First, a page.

While Jos Bell, also on the day before the last rites, wrote of the possibility of a “last-minute antidote to save the NHS”:
“For those politicians who have chosen to hang on like grim death to this shipwreck of a bill, seemingly designed to destroy the NHS and the lives of many people who need to rely upon it, we can only wonder at their mindset.
“In response, we also now know doctors are gearing up to challenge coalition MPs at the next election on an NHS ticket – we can only hope this will not turn out to be the only way that they will be able to safeguard their patients.
“Meanwhile, true to form when they feel under pressure, the government has thrown in a curveball to divert the news media into a cul de sac. Private health? Of course not. Private roads? Splendid notion!
“So what will the future hold? Free and fair or taking a toll? Of one thing we can be sure: if you ‘heart’ the NHS, today is going to be a very bumpy blue light ambulance ride; let’s hope we can make it to A&E in time for emergency resus.”
And we’ll have more from Jos tomorrow in her look back at the events of Tuesday, the day many fear the National Health Service, the NHS as we know it, died.
Progressive of the week:
Leader of the Opposition Ed Miliband, on fire in his instant budget response, one of his best performances at the Despatch Box, venting the rage of the nation at the unfairness, the regressiveness, the sheer chutzpah of the Cabinet of the one per cent to so blatantly produce a budget of the few, looking after their own (who contribute, lest we forget, millions to the Tories in donations), and punishing the middle, the poor and the old.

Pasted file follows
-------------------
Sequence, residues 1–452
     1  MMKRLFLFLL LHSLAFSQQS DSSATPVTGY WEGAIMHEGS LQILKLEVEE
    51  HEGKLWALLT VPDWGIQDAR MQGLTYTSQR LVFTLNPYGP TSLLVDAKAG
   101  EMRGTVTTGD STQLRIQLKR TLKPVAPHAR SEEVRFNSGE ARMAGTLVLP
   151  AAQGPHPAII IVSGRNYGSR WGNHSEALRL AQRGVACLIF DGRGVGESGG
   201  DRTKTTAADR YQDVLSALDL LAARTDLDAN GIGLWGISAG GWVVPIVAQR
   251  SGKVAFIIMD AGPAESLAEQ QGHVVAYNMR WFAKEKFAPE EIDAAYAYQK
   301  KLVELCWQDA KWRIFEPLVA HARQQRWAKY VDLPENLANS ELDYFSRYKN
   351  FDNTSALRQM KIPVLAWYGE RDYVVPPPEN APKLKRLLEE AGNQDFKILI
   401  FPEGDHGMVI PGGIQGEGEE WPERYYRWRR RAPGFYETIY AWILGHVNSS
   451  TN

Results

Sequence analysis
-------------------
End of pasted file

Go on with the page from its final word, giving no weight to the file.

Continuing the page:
Here are some of the highlights of Miliband’s speech:
“The chancellor spoke for an hour. But there was one phrase that did not pass his lips. One claim he has abandoned. “We’re all in this together.” And it’s no wonder.
“Because after today’s budget: Millions will be paying more so that millionaires can pay less.
“A year ago the chancellor said in his budget speech: “Now would not be the right time to remove [the 50p tax rate] when we are asking others in our society on much lower incomes to make sacrifices…” Well that is exactly what he has done today.
“Tax credits cut, Child Benefit taken away. And fuel duty up. And what has he chosen to make a priority today? For Britain’s millionaires, a massive income tax cut each and every year.
“The fairness test for this budget was whether the chancellor used every penny he could to help middle income families that are squeezed. He has failed that test.
“He’s the man who chose to spend millions of pounds on those who need it least. Wrong choices. Wrong priorities. Wrong values. Out of touch. Same old Tories.
“And let’s come to his claims on stamp duty. There are 300,000 people benefiting each and every year from his top rate tax cut. But there are just 4,000 houses sold each year for more than £2 million. So 99% of those who gain from his millionaires tax cut will be totally unaffected by his rise in stamp duty, and get a massive windfall from this chancellor.